Last week we looked at the basic elements of a Quality Management System, and the five questions customers ask themselves when weighing up the quality of your product or service.
This week we look at how we can use these five questions - relating to specification, conformance, reliability, delivery and cost - to judge what will be emphasised.
So, as an example, when you eat at a Japanese restaurant you may be more concerned with specifications (what can I expect when I eat there?), whereas when you eat at your local Italian restaurant you may be more concerned with conformance (is it what I expected?).
If you are eating at a Pizza Hut you may be more concerned with reliability (is it the same as last time?). However, in reality expectations are likely to comprise a mixture of these elements, in different combinations in each case. Customers are likely to have different expectations, even of the same product or service, and this may compound your difficulties. Also, customers may perceive the same product or service quite differently.
Returning to the restaurant example, some customers may see a meal as a means of enjoyment with family and friends, while others may be using it as a business opportunity to entertain their customers.
In short, the quality of a product or service is whatever customers perceive it to be: this makes it essential that you understand quality from your customers’ point of view. In some situations, customers may not be able to judge the technical aspects of a product or service specification.
For example, you may be unable to judge the quality of the medical aspect of an examination and diagnosis you receive at a visit to your dentist. You may therefore judge the experience by the dentist’s manner, the receptionist’s attitude, or even whether you had to wait longer than you expected.
Shortfalls in quality are likely to arise when there is a gap between what customers expect and what they consider they are getting. When such gaps exist it is almost bound to lead to customers’ dissatisfaction.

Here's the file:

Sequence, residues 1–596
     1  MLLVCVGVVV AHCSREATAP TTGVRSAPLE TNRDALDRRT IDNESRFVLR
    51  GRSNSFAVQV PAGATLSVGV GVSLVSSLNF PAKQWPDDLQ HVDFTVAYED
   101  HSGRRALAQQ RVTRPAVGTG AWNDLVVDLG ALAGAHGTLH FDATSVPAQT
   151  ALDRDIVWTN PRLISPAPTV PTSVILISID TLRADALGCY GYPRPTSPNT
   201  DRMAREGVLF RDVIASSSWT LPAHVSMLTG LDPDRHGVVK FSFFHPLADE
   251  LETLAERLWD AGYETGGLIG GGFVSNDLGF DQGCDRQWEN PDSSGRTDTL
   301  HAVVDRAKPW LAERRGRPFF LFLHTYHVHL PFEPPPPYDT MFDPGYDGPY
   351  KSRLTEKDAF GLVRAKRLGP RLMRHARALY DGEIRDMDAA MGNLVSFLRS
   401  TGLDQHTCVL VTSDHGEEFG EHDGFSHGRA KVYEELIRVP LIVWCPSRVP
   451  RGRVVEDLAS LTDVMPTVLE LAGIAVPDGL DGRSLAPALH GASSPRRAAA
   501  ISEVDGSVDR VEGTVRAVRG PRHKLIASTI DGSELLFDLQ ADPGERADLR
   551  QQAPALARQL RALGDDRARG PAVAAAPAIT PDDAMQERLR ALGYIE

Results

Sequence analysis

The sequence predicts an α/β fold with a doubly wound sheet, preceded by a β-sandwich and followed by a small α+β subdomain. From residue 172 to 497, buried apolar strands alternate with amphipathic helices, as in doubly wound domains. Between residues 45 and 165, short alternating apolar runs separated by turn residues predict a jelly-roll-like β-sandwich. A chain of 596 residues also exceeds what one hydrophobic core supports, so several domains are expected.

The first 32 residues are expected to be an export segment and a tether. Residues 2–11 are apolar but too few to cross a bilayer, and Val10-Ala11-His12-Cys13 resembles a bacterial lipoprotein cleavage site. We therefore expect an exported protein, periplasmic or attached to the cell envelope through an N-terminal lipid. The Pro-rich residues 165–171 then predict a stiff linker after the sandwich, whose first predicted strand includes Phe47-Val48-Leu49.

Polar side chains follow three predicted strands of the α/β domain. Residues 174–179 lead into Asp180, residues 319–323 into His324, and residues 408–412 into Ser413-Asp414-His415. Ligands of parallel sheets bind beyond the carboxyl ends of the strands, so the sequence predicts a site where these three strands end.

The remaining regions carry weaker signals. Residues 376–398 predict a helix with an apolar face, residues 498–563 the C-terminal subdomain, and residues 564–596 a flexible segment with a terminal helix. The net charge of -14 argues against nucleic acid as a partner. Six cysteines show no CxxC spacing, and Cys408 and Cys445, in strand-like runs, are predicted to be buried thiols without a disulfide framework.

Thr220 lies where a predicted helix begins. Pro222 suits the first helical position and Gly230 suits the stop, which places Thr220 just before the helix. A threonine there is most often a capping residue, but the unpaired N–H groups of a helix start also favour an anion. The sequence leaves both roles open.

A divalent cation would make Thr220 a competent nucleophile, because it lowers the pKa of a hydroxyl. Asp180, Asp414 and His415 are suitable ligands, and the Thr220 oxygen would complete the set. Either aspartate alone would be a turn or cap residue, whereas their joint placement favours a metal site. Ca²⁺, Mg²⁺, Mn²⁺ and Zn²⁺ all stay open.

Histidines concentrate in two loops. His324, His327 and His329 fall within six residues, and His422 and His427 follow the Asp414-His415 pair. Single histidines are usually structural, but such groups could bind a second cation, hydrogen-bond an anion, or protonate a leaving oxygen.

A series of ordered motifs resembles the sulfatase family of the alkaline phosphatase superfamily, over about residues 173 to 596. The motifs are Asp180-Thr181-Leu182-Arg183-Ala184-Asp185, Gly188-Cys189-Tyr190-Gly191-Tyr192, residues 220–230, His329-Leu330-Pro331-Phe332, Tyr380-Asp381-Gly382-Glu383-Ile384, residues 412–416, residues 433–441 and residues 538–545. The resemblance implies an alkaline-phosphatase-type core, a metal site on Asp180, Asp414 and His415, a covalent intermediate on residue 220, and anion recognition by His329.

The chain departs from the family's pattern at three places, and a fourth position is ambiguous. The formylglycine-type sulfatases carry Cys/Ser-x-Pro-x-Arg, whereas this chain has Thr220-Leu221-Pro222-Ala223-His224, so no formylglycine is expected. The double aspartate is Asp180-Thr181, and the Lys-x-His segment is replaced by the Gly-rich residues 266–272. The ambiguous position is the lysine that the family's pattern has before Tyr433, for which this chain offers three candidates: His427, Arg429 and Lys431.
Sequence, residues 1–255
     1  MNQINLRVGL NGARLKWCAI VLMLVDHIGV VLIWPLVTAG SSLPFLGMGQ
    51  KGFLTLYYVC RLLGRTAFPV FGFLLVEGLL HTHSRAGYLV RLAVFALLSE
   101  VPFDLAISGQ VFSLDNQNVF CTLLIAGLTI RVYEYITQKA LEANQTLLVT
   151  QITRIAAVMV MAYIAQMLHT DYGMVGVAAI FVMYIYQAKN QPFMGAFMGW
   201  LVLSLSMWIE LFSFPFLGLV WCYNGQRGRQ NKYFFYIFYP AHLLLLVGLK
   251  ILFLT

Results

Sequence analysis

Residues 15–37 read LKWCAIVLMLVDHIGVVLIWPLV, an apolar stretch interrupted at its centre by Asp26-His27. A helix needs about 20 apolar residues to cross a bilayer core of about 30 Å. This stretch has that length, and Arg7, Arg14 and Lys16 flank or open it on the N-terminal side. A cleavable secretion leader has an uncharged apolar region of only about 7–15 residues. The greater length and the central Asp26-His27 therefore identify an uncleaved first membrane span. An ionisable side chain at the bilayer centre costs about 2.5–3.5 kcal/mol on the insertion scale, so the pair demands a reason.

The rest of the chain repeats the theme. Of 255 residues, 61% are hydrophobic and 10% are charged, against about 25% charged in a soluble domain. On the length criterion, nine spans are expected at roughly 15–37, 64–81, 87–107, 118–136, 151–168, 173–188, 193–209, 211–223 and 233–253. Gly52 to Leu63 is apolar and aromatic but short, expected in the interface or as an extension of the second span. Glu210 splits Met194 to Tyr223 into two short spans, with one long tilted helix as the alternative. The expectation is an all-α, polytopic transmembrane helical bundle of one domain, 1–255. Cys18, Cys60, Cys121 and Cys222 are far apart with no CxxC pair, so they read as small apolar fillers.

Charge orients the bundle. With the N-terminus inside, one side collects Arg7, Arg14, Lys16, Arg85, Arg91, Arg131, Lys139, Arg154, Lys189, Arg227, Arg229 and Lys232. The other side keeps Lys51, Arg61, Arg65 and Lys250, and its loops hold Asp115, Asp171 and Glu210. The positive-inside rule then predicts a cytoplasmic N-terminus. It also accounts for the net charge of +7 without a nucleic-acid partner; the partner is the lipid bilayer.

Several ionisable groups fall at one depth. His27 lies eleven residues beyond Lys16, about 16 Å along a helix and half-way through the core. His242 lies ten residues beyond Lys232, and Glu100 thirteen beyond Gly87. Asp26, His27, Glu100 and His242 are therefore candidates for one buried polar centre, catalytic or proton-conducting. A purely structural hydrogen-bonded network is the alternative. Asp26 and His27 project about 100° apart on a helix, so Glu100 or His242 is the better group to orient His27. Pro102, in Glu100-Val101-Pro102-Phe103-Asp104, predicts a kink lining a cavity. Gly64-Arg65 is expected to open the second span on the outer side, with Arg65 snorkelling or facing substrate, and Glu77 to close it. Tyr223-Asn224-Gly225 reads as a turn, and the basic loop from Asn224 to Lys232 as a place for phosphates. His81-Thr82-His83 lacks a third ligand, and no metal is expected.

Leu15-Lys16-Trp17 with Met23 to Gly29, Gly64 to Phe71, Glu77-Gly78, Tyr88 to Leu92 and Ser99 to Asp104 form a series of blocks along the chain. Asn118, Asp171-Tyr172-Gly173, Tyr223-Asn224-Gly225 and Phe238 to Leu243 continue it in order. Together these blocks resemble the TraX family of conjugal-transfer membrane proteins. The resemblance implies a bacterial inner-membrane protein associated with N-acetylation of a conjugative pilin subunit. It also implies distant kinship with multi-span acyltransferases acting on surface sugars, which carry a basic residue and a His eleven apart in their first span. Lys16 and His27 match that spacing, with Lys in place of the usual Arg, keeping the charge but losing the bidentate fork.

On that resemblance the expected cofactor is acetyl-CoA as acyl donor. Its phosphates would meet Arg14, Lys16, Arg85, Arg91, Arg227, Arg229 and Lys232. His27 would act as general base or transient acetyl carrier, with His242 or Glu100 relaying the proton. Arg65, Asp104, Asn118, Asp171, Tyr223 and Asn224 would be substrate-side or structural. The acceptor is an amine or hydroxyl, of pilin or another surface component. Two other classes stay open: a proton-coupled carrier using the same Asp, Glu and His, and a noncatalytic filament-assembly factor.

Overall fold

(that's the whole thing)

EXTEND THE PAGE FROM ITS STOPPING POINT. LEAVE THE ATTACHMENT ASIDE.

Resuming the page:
You need a plan
This is why it’s essential that you look at a plan for managing this. An organisation may use several different types of plan: business plans that address how it will anticipate, respond to and satisfy the needs of its customers; marketing plans that consider specific products or groups of products; production plans; IT plans; human resource plans.
Your organisation may have all, some, or even none of these plans. You may feel that you know what your organisation is trying to achieve, but that this is not written down anywhere. Whatever your situation, it is useful to understand the planning process in its own right.
For example, you may set your own preliminary objectives which could be precursors to the rest of your planning activities. You need to be clear about these two areas before you carry out any further activities, and you will need to keep the business objectives and environment in mind while you develop your own plan.
However, you will probably need to revise them as you go through the process in the light of the context analysis (the review of your organisation and its environment) that you carry out and if you do a SWOT (strengths, weaknesses, opportunities and threats) analysis. The results of the context analysis will help you to develop your SWOT analysis and this will help in the revision of your own objectives.
The SMART acronym for setting objectives is useful here. All objectives you set should be:
There is a key point to this process. Imagine that you are a training company and you initially decide that you need to improve the quality of the materials given to your delegates. At the moment the teaching styles of the trainers are inconsistent, and you feel that the quality of what is offered is low and does not reflect the professionalism you wish your company to be known for. You therefore set as your preliminary objectives:
However, after conducting a context analysis and a SWOT analysis to find out exactly what is happening at the moment and what your customers want, it becomes clear that a major weakness is the quality of delivery of the materials, rather than the quality of the materials themselves.
You therefore decide to keep your two original objectives, but to add a third priority objective, which is to institute a training programme for all trainers.
The plan would be measured against the initial objectives that you set, and this might influence your next set of objectives. If you achieve the objectives then you may want to set even more challenging ones next time, or you may wish to alter your focus to concentrate on other areas of perceived weakness.
Like other planning frameworks, the one presented here could be more detailed and would need adjusting according to the size, sector and character of the business and problem you are addressing. However, its purpose is to stimulate your thinking about what you can do as a company to enhance customer satisfaction.
Next week: What you’ll be doing when implementing ISO 9001…
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